Goldman Sachs is in talks to pay $2bn to $3bn to settle a probe into its sales of mortgage bonds leading up to the financial crisis, according to a person with direct knowledge of the situation.
When people say there is a revolving door between the Securities Exchange Commission and Wall Street, they don't usually intend it as a compliment.
Lloyds Banking Group has docked £350,000 from the bonus of its boss António Horta-Osório after being hit with a £117m fine for unacceptable handling of compensation claims for payment protection insurance.
The growth in new car sales in the UK slowed to 2.4% year-on-year in May, according to industry figures. This would seem like a respectable figure if it was not for the double-digit growth that has characterised the last couple of years.
Morrisons has suffered a shareholder revolt after awarding its sacked former chief executive Dalton Philips a £1m bonus, with more than one in three votes cast against its remuneration policy.
General Electric is exploring a move from its Connecticut headquarters after it objected to tax aspects of the state's recently passed budget.
A trader fired by Deutsche Bank as part of its Libor-rigging settlement is suing over bonus payments that may total more than $7.7m.
A California day trader and three pals thought they had dreamed up the perfect easy money scam.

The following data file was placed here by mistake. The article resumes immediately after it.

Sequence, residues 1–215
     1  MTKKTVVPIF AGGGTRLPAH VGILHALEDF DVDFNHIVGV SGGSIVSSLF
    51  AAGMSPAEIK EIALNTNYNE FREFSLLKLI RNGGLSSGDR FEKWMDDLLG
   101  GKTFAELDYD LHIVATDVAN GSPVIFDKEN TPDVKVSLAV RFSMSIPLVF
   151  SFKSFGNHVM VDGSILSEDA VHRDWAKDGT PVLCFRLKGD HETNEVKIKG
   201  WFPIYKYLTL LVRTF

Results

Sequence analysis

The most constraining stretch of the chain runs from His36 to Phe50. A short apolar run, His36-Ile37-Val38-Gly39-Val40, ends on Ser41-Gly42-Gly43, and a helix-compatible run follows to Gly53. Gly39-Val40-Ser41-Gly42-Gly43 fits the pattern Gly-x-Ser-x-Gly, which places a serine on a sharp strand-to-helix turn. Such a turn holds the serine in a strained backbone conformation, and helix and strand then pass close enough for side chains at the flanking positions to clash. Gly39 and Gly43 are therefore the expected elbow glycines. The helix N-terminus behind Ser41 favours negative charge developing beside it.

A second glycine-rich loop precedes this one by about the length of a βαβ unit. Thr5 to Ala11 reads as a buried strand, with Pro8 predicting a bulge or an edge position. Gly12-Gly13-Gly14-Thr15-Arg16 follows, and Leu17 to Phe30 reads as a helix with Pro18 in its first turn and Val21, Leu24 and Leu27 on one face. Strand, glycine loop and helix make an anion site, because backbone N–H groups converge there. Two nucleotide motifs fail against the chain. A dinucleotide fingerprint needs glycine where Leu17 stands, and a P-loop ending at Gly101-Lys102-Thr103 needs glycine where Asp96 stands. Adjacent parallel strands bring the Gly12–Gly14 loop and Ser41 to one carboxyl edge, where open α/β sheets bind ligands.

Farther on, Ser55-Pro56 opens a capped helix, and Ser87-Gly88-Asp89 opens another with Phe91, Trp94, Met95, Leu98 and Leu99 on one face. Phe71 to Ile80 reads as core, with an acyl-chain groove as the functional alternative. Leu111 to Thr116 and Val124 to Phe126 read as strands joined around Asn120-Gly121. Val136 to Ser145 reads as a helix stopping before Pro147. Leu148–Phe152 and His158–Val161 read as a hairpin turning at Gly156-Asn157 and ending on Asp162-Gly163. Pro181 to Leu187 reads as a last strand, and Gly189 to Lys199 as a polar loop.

JPMorgan won a round in a long-running dispute with the Federal Deposit Insurance, avoiding some the the liabilities tied to its 2008 takeover of Washington Mutual’s banking operations.
Goldman Sachs and Citigroup are among securities firms that have seen Russian investment banking commissions evaporate this year as sanctions and the country’s economic slump bring business to a halt.
After a disappointing 2014 World Cup, the nation is eagerly awaiting the start of Euro 2016. With a 100 per cent record in the qualifiers, and currently priced at 8/1 fourth favourites, England are quietly confident that they can at least emulate their semi-final appearance 20 years ago.
A London prosecutor told jurors they didn’t have to decide whether the banking industry as a whole is guilty of fraud, but just the five former Barclays traders accused of manipulating Libor.